Three Tips to Help Calm Your Nerves and Ace the Exam

 

Almost a year ago now, I was asked by another language school to come in and give a presentation about TOEFL. It was a relatively new program at the school and the teachers were having trouble thinking of activities for class. Also, since they knew so little about the test, they couldn’t provide the students with decent advice.

I was frightened.

The night before I couldn’t sleep. You see, I had never given a presentation to a group of other teachers before. There would only be about 20 other ESL teachers in the room, but I was still terrified. Also, I was young, only 32 years old at the time, and I was afraid that some of the older teachers wouldn’t want to listen.

Images of failure flooded my mind leading up to the presentation.  I could hardly breathe when I stepped into the school. I met the teachers and began to speak. My fear didn’t leave. I was still a bit nervous, but I had prepared beforehand and was eager to share my knowledge with the rest of my colleagues.

The presentation turned out to be a success and I was invited to speak again a few months later.

You may be surprised to learn that teachers get nervous speaking in front of an audience, just like students.

It’s important to note that fear never leaves you. It’s always present. There are different degrees of fear, but it’s a part of being human. So, there’s no way to completely get rid of your TOEFL speaking fears, but I have three tips to help you turn that fear into focused energy:

1. Practice – I know it seems simple, but this is the most effective way for you to feel more confident on exam day. Think about it, the more experience you have in something, the more confident you are in doing it. If you never speak English outside of class, than you’ll never feel confident speaking in English. Not only that, but for the TOEFL, you have to practice speaking for the TOEFL exam. Talking with your friends or at work is not good enough. You have to sit down in front of a computer and go through an entire speaking section of the exam the same way you would on exam day. Familiarizing yourself with the exact structure will help build your confidence and you’ll know what to expect during the test.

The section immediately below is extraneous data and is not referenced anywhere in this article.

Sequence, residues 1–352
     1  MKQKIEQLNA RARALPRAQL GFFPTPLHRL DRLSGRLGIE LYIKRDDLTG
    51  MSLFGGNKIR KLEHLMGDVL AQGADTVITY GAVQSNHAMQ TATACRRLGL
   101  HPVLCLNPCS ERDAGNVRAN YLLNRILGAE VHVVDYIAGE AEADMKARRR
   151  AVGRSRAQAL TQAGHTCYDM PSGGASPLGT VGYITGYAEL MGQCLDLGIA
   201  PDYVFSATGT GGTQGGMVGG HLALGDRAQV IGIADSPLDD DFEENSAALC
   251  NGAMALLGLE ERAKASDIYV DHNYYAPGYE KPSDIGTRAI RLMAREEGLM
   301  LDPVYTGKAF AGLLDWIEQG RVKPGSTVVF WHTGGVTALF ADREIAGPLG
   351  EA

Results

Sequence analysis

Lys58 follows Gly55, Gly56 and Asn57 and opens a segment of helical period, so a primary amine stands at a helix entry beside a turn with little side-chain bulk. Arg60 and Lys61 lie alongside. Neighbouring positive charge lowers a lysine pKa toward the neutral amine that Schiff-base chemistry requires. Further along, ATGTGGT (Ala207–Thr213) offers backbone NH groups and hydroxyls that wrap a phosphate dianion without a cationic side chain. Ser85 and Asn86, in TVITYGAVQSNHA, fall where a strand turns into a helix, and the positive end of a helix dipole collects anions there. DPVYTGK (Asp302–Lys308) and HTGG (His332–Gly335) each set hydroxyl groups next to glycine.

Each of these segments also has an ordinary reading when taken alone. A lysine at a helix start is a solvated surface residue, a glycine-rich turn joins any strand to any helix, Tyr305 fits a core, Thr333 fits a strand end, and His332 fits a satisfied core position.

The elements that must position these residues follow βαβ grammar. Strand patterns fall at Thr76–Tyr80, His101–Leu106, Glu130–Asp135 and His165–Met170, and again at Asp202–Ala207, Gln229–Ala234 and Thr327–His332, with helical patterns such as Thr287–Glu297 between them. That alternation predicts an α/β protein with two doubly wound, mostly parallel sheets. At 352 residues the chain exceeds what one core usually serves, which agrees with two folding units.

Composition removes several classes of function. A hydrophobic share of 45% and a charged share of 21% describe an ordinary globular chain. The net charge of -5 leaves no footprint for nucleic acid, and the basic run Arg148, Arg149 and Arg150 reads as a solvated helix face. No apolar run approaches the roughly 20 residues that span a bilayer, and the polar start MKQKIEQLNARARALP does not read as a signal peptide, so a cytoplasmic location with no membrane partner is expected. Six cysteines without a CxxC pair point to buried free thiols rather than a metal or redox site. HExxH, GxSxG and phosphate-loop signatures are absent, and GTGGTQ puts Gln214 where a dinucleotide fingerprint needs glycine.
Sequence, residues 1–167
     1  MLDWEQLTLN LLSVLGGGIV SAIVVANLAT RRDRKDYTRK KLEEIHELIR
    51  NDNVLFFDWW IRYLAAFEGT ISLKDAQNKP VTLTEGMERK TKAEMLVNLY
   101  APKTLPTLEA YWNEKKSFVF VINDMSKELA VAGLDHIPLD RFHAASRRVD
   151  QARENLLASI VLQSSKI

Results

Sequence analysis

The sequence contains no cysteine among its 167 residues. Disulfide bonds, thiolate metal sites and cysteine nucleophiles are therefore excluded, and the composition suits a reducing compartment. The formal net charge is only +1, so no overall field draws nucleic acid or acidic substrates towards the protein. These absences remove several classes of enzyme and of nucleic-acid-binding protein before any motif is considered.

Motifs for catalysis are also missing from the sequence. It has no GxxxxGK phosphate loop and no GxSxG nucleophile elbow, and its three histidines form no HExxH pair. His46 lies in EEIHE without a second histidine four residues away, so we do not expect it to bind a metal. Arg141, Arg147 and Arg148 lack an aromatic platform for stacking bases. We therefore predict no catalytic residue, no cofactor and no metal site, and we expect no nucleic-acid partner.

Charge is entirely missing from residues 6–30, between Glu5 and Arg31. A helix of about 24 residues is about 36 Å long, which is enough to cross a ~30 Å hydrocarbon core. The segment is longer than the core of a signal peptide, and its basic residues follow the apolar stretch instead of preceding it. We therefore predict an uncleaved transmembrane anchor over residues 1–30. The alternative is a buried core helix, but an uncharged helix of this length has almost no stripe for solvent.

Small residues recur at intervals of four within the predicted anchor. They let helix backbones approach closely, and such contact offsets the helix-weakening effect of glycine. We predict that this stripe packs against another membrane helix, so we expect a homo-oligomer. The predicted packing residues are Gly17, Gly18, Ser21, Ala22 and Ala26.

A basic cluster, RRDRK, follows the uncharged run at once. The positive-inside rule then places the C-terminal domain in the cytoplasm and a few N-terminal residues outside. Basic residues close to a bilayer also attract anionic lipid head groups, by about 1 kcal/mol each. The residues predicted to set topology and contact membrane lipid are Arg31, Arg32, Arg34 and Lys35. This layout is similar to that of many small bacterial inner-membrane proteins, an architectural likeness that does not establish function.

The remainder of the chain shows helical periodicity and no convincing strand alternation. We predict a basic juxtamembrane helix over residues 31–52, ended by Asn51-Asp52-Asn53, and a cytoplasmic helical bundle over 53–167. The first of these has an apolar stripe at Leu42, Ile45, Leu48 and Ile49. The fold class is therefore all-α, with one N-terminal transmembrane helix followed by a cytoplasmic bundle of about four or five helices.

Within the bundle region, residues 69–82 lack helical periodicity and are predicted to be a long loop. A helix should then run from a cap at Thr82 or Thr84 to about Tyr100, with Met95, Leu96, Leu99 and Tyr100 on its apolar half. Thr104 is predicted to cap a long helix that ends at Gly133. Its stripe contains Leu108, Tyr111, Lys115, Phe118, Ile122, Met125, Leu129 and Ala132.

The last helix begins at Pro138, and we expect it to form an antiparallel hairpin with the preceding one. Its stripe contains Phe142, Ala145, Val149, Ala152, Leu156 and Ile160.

2. Turn your nerves into enthusiasm – Like I mentioned before, your nerves never fully disappear. The best you can do is to take your nerves and turn them into positive energy. Yes, your nervous, but you’re also excited. Tell yourself, “I’m excited.” (Here’s a link to a good Youtube video about turning fear into excitement).

Famous actors and celebrities get nervous all the time. They get nervous just like the rest of us. However, their attitude towards fear is different. They don’t think of it as a reason not to do something, but instead, it inspires them to go after their goal. If you’re nervous, it means your doing something worthwhile. Focus on the positive aspect of what makes you nervous and turn it into positive energy that you can use as you speak.

3. Bring a lucky charm – Public speaking experts provide a host of different tricks to help calm their nerves before a presentation. Many public speakers have an object that helps. For example, my friend Mike has a rubber band around his wrist and he pulls at it when his nerves get overwhelming. The rubber band brings small but sudden pain that takes his attention away from his nerves.

On days when I have an important presentation, I have a bracelet with a quote from Lance Armstrong, “Pain is temporary, quitting is forever.”

Probably the most effective object I bring with me as a picture of my wife and kids. When I look at it I remember that, whatever it is I’m nervous about, it doesn’t matter nearly as much as they do.

Fear never goes away. My advice is to recognize it, remember you’re prepared, turn it into positive energy and bring some object to take your mind off of your nerves.

If you want some free independent speaking practice questions to help you prepare before exam day, you can check out the free PDF at the link below.

150 Free Independent Speaking and Writing Questions

Now I have to ask, what about you? How do you stay calm when you feel nervous?